Glossary of terms
Glossary of terms
Key to the Orders
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The Trilobite of the Month for March 2014 is a distinctive representative of the Order Agnostida. We rarely have opportunities to showcase agnostines, since they are often small, incomplete, or inadequately prepared to offer an interesting presentation. The members of this order are often quite unlike that typical image of a trilobite: eyeless, isopygous in the extreme, so that one can hardly tell (without knowledge) which end is head and which the tail! This distinctiveness has led some to suggest that this order does not belong to trilobites at all! In this case, the interest is increased by remarkable corrugations of the cephalon and pygidium that remind me of convolutions of cerebral hemispheres! This image is courtesy of Dan Bowden.
Images like this help explain why trilobites are one of the best-known and appreciated groups of prehistoric animals. Each month, a new example of trilobite diversity will be showcased here. With over 20,000 described species, we may never exhaust the possibilities! If you have a stunning image of a trilobite that you could share as a future "Trilobite of the Month," please let me know!
on the images, menu choices, or the FAQ
listings below on this page to start exploring aspects
of trilobite biology, and the salient characters that define
the orders, constituent suborders, and superfamilies.
This site has enjoyed feedback from a growing number of trilobite workers from all over the world who have
generously offered their suggestions and corrections. I gratefully acknowledge their help and encouragement.
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The Trilobite FAQ
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In these pages, you may recognize species that are common, well-known, or sitting in a familiar museum collection!
This guide might help you arrange trilobite diversity systematically, aid in identification of specimens, and enhance your understanding of these fascinating elements of Paleozoic biodiversity. Happy browsing! -- Sam Gon III
detailed, descriptive characters and representative line drawings
The information in these pages was developed via examination and synthesis of the data present in a variety of works, including the two "Trilobite Treatises:" Moore 1959 (Treatise on Invertebrate Paleontology, Part O, Arthropoda 1, including Trilobitomorpha) and Whittington et al 1997 (Treatise on Invertebrate Paleontology, Part O, Arthropoda 1, Trilobita, Revised, Volume 1: Introduction). Both may be reviewed here. Other important sources are cited in specific pages of this site, and are also listed in a brief bibliography. Sources of photos and line drawings (where not original) are clearly cited. Other trilobite web sites and individuals were inspirational sources and are cited where relevant. The three trilobite thumbnail images in the left column, for example, are c/o Andrew Milner. If you find your information or images on these pages without proper attribution, this is unintentional. Please contact me to rectify the situation.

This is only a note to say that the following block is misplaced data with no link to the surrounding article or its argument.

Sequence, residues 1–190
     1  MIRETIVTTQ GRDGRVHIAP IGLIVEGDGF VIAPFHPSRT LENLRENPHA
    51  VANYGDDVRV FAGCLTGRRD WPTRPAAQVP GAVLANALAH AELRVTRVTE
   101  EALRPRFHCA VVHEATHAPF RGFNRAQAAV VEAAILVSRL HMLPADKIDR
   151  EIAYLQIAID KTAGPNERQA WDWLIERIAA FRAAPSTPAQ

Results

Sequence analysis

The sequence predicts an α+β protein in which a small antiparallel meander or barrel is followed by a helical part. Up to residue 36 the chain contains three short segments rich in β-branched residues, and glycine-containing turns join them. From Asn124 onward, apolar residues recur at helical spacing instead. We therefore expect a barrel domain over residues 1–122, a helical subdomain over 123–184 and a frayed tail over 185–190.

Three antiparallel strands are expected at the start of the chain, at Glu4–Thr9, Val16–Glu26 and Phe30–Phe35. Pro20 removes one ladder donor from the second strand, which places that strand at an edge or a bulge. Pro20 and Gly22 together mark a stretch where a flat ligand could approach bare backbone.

Information about extinct animals is always subject to interpretation and differences of opinion. In particular, the higher classification of arthropods and trilobites is neither simple nor agreed upon by all trilobite workers. The summaries here are complicated by the fact that the 1997 revision of the Treatise only covers two orders in detail: Agnostida and Redlichiida. The others are in preparation, so my attempts to synthesize data on the other orders is likely to be incomplete, although the arrangement of the families and some characteristic descriptions were provided by Fortey (in Whittington et al 1997), and adjusted via recent articles (e.g., papers dealing with higher classification of the Asaphida, Proetida, Harpetida, Agnostida, and Lichida). Any errors in the information here should be attributed to the compiler, Sam Gon III. Please inform him of any problems in accuracy or interpretation.
This site's pages (and the majority of its figures) were designed and created by Dr. Sam Gon III, a biologist (PhD, Animal Behavior; MA, Zoology (Ecology, Behavior and Evolution) who is greatly intrigued by the expression of ancient biodiversity that trilobites represent. Sam's professional work is in the conservation of global biodiversity today. He serves as the Senior Scientist for The Nature Conservancy's Hawai‘i Field Office in Honolulu. Sam has long been interested in paleobiology, and in teaching himself about trilobites, using hyperlinks to cross-reference terminology and concepts, found himself developing a web resource of potential interest to a broader audience. The site was first unveiled in August 1999 and has attracted feedback from around the world, generating ongoing updates. For all the accolades this site has gathered, Sam is not a professional trilobitologist, but a devoted trilobitophile! In 2006 this culminated in his first paleontological publication, dealing with trilobite origins.
Dr. Sam Gon III c/o The Nature Conservancy of Hawai‘i, 923 Nuuanu Avenue, Honolulu, HI 96817, USA
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